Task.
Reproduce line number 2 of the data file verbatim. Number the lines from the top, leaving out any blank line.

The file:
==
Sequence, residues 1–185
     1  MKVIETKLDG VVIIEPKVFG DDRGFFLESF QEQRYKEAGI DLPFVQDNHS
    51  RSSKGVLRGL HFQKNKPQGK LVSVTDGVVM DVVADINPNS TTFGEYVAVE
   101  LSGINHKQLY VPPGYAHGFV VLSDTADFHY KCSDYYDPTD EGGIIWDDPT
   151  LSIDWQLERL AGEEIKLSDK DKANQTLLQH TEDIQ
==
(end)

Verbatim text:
     1  MKVIETKLDG VVIIEPKVFG DDRGFFLESF QEQRYKEAGI DLPFVQDNHS